Fears over student accommodation glut

An artist’s impression of Wee Hur’s development in Buranda on Brisbane’s southside.

Australia’s booming market for purpose-built student accommodation, having caught the attention of some of the world’s largest investors, could be on the precipice of oversupply, with concerns among some of the industry’s largest outfits over the number of new beds in Brisbane.

Iglu, backed by Macquarie and Singaporean sovereign wealth fund GIC, has ceased any new developments in the city, a position the company’s director Richard Smith says is unlikely to change “in the foreseeable  future”.

Campus Living Villages, currently considering a $2 billion trade sale of its global portfolio through UBS, told The Australian it too had “no immediate plans to enter what is a very ­active Brisbane market”.

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But backed by institutional money and private equity, outfits like Scape Student Living and Blue Sky Alternative Investments are continuing to chase new developments, with the latest analysis showing the number of beds in Brisbane will double by the end of the decade.

A report produced by commercial realtors JLL shows about 10,000 beds proposed in Brisbane, “the largest pipeline of beds in the country”, adding to the existing supply of 9325 beds by 2020.

The largest number of beds, about 3500, are expected to hit the market in 2018, with 9.7% of university students in Brisbane now renting purpose-built accommodation.

Australia's student accommodation shortfall is expected to reach 400,000 beds by 2020.

Australia’s student accommodation market could be set for oversupply.

Education remains the country’s third-largest export earner, behind only iron ore and coal, with substantial increases in international student numbers, up 11% to 493,700 in the first seven months of the year.

But Iglu, which runs two ­student accommodation facilities in Brisbane, including one that opened months late, says it is “always a challenge” to fill the properties.

“There are a limited number of students, particularly at the higher price points,” Smith says.

We are observing significant off-campus development activity in the Brisbane CBD and surrounding suburbs

“Most of the new product is ­targeting a similar student demographic and we are concerned about the depth of the market to support all this new product.

“In our view Brisbane is the most oversupplied market in Australia … the student market is about half the size of Sydney and Melbourne yet has the largest development pipeline in Australia.”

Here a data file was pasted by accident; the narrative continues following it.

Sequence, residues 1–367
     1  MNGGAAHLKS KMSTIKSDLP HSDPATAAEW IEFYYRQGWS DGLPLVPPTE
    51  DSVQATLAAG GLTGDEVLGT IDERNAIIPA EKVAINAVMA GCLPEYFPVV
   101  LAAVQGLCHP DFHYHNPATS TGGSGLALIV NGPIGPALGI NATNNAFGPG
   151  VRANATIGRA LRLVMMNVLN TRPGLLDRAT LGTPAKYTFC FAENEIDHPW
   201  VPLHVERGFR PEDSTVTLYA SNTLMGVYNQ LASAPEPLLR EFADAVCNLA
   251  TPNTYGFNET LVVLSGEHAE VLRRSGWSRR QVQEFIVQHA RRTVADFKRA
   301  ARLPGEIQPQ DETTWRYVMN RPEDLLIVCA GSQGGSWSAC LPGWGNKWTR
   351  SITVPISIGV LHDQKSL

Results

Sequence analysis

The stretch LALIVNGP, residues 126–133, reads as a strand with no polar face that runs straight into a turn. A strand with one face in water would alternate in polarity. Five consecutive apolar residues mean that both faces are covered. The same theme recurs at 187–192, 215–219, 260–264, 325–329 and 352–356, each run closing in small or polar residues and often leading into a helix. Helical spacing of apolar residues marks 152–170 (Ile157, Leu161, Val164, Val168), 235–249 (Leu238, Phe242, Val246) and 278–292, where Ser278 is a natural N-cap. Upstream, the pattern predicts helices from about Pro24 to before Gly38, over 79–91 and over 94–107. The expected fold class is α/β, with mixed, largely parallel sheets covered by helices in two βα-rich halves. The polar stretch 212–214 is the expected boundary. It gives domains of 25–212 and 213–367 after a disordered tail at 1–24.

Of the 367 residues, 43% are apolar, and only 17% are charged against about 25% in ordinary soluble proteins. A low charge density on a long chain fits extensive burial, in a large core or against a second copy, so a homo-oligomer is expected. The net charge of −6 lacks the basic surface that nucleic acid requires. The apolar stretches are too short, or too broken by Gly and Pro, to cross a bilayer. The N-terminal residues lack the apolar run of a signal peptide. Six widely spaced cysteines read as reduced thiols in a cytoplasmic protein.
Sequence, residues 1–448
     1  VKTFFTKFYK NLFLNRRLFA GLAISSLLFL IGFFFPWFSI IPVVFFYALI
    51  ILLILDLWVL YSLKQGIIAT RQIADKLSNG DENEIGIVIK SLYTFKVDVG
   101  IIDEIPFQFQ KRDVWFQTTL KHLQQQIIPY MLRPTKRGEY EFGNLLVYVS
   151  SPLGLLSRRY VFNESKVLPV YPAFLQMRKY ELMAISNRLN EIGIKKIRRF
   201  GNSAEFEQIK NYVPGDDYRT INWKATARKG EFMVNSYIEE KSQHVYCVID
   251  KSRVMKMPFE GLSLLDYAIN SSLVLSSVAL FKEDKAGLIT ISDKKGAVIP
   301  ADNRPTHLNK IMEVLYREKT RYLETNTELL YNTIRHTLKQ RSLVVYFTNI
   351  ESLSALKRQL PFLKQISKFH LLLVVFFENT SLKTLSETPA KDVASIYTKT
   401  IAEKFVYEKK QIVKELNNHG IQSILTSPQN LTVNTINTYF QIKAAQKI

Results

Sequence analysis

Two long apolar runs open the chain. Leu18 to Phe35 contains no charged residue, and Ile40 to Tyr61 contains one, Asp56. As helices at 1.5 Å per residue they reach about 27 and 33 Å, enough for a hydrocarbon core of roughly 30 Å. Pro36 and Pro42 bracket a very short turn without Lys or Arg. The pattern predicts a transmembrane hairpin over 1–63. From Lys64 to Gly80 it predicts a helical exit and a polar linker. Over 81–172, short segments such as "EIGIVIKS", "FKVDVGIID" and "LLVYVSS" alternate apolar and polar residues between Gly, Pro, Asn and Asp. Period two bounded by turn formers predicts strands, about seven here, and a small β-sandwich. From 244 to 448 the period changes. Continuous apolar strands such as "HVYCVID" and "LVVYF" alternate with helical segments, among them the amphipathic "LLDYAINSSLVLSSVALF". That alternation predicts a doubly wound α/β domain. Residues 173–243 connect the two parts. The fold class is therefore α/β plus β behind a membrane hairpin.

Campus Living’s Australian chief executive, Michael Heffernan, says the company “carefully monitors the supply and demand across all of Australia’s metropolitan cities”.

Australia's student accommodation market is vastly undersupplied.

Previous reports say Australia is vastly undersupplied for student accommodation.

“We are observing significant off-campus development activity in the Brisbane CBD and surrounding suburbs,” Heffernan says. Campus Living, which largely focuses on developing properties on university campuses, sold a 454-bed site to Iglu late last year for more than $50 million.

That deal capped a year of significant transactions, including the entry of Singapore’s Wee Hur into Brisbane, planning to develop 1600 rooms across two towers, while private equity firm Valparaiso Capital Partners recently redeveloped the old Boeing Defence headquarters in the city.

However, other major operators, including Scape Student Living executive director Craig Carracher, say they don’t see “any change in the fundamental ­dynamics” or demand from international students.

“We do see a burgeoning supply story, but this supply is more suited to domestic students and will have to compete at domestic price points,” Carracher says.

Scape is developing about 2000 beds in Brisbane.

Earlier this month Dutch investment manager Bouwinvest increased the funds committed to Scape to $115 million.

There are a limited number of students, particularly at the higher price points

It already counts pension fund APG and the Hong Kong-based investment arm ICBC as major shareholders.

Blue Sky, which is backed in its student accommodation venture by Goldman Sachs, was criticised for its exposure to Brisbane’s student accommodation and residential apartment market in a confidential research note circulated by Diogenes Research.

The note appears to question the valuations of Blue Sky’s real estate assets.

In October, Blue Sky’s listed Alternatives Access Fund revalued one fund — Student Accommodation Fund IV, focused on the Adelaide CBD — 26% higher.

Those valuations, the company says, are independently provided by JLL.

But Blue Sky’s managing director Robert Shand says the company’s student accommodation projects are “all tracking well ahead of our forecasts”.

“We couldn’t be more pleased with our investment in the student accommodation market,” Shand says.

“The first of our student accommodation developments in Brisbane opened earlier this year. It was built ahead of schedule, on budget and is already performing ahead of targets.”